What Languages Are Spoken In Argentina?

Argentina is the fourth most populous Spanish-speaking nation in the world after Mexico, Spain, and Colombia.

Argentina is a South American country with a population of 42,192,500. Due to governmental policies that encouraged international immigration during the mid-1800’s, the ethnic makeup of its citizens and residents is diverse. The diversity in Argentina is further reflected by the languages spoken there. This article takes a look at some of the major languages used in the country.

Major Languages Spoken In Argentina


Spanish is the most spoken language of Argentina. This fact can be accredited to the history of the country as a Spanish colony and the widespread use of the language at independence. Today, the vast majority of the population, 40.9 million, speak this language. Spanish is used by government offices, in the educational system, and by the mainstream media. The variation of Spanish spoken here is unique in that it uses the voseo form for the informal “you.” Very few Spanish-speaking countries utilize this form. The pronunciation is also varied throughout the country, in some places influenced by Italian-speaking immigrants. Additionally, the letters “ll” and “y” are commonly pronounced as the “y” in “you,” however, in Argentinian Spanish it is pronounced “zh.”


Italian ranks second among the languages spoken in Argentina. Estimates indicate that over 1.5 million people speak Italian as their first language. This large Italian-speaking community is the result of significant immigration that began in the 19th century, motivated by economic problems in Italy. Today, Argentina is home to the second largest Italian population outside of Italy. Italian immigration continued through the 1920’s. As previously mentioned, the Italian language has influenced Argentinian Spanish to the point that in some regions, it even sounds like Italian.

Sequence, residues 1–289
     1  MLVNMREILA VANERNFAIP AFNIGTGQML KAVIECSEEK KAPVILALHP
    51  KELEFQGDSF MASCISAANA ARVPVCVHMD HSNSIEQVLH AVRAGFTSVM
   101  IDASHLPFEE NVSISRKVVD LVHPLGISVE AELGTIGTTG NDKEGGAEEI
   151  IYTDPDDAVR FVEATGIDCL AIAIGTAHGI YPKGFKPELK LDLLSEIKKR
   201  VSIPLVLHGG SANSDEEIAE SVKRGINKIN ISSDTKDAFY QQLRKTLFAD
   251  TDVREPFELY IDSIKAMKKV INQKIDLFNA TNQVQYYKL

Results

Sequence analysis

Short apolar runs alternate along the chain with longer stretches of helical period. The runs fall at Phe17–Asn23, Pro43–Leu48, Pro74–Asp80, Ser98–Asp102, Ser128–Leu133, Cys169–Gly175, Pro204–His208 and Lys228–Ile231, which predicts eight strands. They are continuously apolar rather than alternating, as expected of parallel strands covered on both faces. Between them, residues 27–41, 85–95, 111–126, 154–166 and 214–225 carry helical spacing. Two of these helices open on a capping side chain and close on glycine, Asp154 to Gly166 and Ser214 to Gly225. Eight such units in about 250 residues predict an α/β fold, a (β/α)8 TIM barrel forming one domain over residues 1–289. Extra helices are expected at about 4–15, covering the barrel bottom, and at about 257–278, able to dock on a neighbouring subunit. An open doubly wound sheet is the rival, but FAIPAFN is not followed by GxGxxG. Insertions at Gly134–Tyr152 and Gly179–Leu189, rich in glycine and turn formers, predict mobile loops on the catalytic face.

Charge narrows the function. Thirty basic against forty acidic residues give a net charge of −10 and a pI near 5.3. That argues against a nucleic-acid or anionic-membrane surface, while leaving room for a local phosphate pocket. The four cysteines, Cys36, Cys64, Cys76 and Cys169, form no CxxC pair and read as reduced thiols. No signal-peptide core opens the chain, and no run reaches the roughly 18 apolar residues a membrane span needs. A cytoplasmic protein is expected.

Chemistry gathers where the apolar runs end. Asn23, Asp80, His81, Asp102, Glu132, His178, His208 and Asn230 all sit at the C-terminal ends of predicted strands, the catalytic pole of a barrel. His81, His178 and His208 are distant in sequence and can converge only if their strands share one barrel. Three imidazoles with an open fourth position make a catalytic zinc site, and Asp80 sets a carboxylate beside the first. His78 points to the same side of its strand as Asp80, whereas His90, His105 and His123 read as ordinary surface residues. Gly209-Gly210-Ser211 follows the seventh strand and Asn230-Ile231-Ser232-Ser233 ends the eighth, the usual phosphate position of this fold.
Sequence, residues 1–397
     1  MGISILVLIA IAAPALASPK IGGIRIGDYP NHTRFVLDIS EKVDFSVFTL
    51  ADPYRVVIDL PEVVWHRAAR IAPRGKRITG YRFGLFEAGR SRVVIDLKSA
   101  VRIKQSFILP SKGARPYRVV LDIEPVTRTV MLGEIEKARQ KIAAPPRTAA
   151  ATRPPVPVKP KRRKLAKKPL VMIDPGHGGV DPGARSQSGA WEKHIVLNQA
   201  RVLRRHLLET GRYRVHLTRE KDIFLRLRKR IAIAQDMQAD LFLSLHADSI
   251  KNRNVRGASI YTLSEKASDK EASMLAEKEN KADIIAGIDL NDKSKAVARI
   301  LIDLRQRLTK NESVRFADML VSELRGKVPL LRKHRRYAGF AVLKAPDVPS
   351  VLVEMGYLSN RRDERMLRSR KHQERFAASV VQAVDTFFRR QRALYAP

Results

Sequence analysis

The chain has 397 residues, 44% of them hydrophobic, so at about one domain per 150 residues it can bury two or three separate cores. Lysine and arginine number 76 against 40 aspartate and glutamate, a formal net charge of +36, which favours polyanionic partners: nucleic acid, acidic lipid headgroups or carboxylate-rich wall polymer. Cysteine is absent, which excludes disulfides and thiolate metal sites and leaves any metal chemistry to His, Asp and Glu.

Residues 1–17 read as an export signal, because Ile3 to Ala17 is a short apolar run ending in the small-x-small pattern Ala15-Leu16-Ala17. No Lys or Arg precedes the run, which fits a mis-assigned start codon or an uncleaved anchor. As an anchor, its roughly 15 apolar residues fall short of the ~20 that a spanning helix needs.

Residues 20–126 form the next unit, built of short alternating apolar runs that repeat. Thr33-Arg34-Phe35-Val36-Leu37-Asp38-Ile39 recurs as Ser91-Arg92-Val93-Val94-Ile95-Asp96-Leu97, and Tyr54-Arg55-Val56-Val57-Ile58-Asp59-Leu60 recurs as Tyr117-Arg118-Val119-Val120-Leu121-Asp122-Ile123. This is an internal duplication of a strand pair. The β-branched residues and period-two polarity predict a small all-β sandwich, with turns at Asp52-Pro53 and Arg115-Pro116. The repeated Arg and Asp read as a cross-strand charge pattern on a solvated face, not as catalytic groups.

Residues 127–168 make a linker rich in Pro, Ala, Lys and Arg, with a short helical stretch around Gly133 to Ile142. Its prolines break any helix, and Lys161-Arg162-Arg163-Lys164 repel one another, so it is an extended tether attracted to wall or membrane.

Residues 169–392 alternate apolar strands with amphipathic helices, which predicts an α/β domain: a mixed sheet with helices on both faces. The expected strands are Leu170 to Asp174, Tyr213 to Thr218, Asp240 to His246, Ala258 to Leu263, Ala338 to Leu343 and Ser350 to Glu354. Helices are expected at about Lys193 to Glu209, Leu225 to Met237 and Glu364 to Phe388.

Levantine Arabic

Immigrants from mainly Lebanon, Syria, and Palestine resulted in the third most widely spoken language in the country. Levantine Arabic, which originates from the eastern shore of the Mediterranean, is spoken by approximately 1 million people in Argentina. Levantine Arabic speakers began arriving in Argentina at the end of the 19th century until around 1920.

Other Languages Spoken In Argentina

Other languages spoken by between 100,000 and 1 million people include: Quechua (800,000), German (between 400,000 and 500,000), Yiddish (200,000), Guaraní (200,000), Catalan (174,000), Mapudungun (100,000). Of these, Quechua, Guaraní, and Mapudungun are indigenous languages. Quechua is spoken throughout the South American Andes Mountains region; the Quechua speakers in Argentina are mainly immigrants from Bolivia. Guaraní, one of the official languages of Paraguay, belongs to the Tupi-Guarani language family. Mapudungun is the language of the Mapuche people. German, Yiddish, and Catalan arrived in Argentina via European immigrants.

Several other languages are spoken by smaller populations. Some of these include Chinese, Japanese, Welsh, and several indigenous languages.

Endangered Languages Of Argentina

Many languages are spoken by only a minority of Argentinians. These languages are considered endangered because the only living speakers are older generations whose children and grandchildren do not speak the language. This lack of passing along the language to younger generations means that the language will become extinct. Some of the endangered indigenous languages spoken in Argentina include Vilela (20 speakers), Puelche (5 to 6), Tehuelche (4), Selk’nam (1 to 3).

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